The interactive portion of the add-in uses the FileList class to present the user with a list of computers, shares or directories/files, depending on the current path. The NetworkSession, NetworkBrowser and NetworkShare classes facilitate the enumeration of computers and shares, as well as allowing credentials to be used when necessary. (Note: These are 3rd-party classes – sources are listed in the section below.) These are used to determine a source path. A destination is selected by choosing from the list of MediaLibraryFolders (which resolves the media libraries in Media Center to their locations on disk) and then optionally drilling down to a subdirectory using the DirectoryList class. With a source and destination chosen, an item can be passed to the download manager:

Background Portion

The background portion of the add-in is responsible for managing downloads which are initiated from the interactive side of the add-in. The DownloadManager class maintains a queue of DownloadManagerItem objects, which represent the source, destination and status of files. When a new item is enqueued, the queue is processed asynchronously. The built-in WebClient class is used to copy the files themselves – I chose this over the copy methods in System.IO because the web client offers progress notifications.

The implementation of the DownloadManager class will be the subject of a future article.

Credentials and Password-Protected Shares

As touched on briefly, the NetworkSession class is used to access password-protected shares using credentials. It does this through impersonation, temporarily taking on the identity of the user represented by the credentials. For convenience, the add-in will retain credentials entered by the user. Since the built-in NetworkCredential class stores passwords in clear text, I designed the StoredCredential class, which holds the same information in a serialisable form, but encrypts passwords using the RSACryptoServiceProvider. Encryption provides obvious benefits, and using the crypto service provider adds the extra advantage of not having to manually create/store an encryption key – this is handled transparently by Windows.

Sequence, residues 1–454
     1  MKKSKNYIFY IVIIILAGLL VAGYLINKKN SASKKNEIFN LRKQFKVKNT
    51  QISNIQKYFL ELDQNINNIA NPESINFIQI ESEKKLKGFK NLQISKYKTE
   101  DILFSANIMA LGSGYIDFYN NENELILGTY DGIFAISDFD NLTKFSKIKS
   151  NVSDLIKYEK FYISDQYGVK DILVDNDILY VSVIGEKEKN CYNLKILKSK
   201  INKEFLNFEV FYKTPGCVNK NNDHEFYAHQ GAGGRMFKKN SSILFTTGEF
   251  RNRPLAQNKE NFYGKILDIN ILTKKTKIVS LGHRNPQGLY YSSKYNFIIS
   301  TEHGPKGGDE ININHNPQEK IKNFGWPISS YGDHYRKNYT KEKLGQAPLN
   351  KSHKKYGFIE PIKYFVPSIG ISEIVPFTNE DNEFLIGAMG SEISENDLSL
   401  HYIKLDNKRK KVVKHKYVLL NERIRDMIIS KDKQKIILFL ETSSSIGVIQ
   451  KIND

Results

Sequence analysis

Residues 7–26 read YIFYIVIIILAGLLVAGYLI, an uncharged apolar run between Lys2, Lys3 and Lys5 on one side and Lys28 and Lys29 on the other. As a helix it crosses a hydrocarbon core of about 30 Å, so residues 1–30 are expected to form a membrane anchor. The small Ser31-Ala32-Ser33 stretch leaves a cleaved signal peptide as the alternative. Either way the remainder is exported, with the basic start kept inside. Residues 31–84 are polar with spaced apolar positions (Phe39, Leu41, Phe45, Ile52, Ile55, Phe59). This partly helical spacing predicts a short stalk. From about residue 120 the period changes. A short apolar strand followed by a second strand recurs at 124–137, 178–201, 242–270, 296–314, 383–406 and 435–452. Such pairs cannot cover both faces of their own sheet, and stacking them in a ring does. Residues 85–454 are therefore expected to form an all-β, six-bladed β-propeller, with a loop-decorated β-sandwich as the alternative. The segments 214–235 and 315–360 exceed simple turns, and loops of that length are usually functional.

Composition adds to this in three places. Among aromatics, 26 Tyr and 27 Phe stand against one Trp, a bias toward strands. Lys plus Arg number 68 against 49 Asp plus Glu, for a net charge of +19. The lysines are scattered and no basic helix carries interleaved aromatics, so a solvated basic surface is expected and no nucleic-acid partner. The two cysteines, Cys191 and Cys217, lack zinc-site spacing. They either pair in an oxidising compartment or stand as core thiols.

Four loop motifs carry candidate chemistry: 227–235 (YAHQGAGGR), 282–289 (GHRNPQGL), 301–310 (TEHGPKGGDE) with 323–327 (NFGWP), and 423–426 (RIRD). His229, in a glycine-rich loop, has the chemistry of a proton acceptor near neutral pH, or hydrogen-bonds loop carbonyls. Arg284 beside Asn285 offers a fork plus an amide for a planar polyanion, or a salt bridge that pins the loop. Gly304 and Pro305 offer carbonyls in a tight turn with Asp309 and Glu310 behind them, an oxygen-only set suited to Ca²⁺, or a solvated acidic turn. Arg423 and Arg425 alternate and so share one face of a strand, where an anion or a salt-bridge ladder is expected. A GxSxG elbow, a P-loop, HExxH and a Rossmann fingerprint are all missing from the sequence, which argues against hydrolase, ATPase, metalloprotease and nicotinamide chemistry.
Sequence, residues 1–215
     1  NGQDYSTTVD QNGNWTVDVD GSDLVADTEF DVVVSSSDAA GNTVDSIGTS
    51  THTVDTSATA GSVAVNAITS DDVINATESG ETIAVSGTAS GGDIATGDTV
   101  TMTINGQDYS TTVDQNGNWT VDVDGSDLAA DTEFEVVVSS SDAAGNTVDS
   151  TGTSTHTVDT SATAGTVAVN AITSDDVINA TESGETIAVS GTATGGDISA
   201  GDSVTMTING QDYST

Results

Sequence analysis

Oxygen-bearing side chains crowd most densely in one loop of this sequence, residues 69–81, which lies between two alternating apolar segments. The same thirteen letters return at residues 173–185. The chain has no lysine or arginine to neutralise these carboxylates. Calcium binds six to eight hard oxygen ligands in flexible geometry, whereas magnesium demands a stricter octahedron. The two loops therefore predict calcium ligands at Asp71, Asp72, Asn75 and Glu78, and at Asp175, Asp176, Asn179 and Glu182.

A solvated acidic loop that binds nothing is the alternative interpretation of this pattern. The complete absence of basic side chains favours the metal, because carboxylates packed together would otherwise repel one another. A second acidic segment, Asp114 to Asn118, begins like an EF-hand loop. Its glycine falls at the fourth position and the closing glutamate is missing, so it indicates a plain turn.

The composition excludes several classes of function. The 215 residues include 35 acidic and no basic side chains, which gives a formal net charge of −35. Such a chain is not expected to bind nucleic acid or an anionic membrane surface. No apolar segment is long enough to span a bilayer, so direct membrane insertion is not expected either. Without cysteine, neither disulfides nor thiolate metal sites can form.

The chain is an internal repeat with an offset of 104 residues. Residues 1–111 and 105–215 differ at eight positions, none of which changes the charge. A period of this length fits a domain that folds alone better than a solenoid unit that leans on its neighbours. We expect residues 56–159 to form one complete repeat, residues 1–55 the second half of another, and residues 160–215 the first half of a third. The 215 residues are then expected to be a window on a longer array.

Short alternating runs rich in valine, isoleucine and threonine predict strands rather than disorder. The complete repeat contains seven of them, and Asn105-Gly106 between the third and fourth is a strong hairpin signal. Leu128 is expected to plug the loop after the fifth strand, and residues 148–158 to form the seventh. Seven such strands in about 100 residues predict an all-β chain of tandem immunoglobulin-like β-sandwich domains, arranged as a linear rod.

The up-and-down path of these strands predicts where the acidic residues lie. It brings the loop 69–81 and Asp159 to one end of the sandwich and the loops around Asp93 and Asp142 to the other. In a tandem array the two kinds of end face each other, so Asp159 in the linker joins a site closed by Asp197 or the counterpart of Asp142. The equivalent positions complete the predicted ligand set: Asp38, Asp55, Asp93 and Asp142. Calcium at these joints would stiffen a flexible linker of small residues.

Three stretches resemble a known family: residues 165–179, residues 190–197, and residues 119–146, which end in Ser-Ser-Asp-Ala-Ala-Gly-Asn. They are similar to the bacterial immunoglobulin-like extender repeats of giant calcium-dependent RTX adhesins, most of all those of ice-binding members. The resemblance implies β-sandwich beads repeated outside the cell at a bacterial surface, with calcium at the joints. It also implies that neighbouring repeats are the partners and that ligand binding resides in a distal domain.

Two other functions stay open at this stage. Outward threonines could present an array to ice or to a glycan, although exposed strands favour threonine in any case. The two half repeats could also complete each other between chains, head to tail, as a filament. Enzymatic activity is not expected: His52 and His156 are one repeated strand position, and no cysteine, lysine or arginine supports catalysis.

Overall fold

The implementation of the StoredCredential class will be the subject of a future article.

Third Party Code

Accessing Password Protected Network Drives in C#
Provides the basis for the NetworkSession class, which allows the logged-in user to impersonate another user, given a username and password. Until the object is disposed, all normal I/O operations (System.IO) on password-protected UNC paths will use those credentials.

Retreiving a list of network computer names using C#
Used to obtain the list of computers on the local network; this code essentially does what the command-line NET VIEW tool does. Does not always include the local host, so I add it manually.

Network Shares and UNC paths
Exposes parts of the Win32 API that enumerate network shares, given a computer name. Can distinguish between file shares and other types of shares.

Get Directories Included in Windows Media Center Libraries
Provides the basis for MediaLibraryFolders, using a combination of PInvoke and Registry access to obtain the physical locations of the libraries used by Media Center.

Next Time

The next instalments will focus on the implementation of the design introduced in this article.

One thought on “Developing with the Media Center SDK, Part 5

  1. Pingback: Developing with the Media Center SDK, Part 6 | Brad Smith's Coding Blog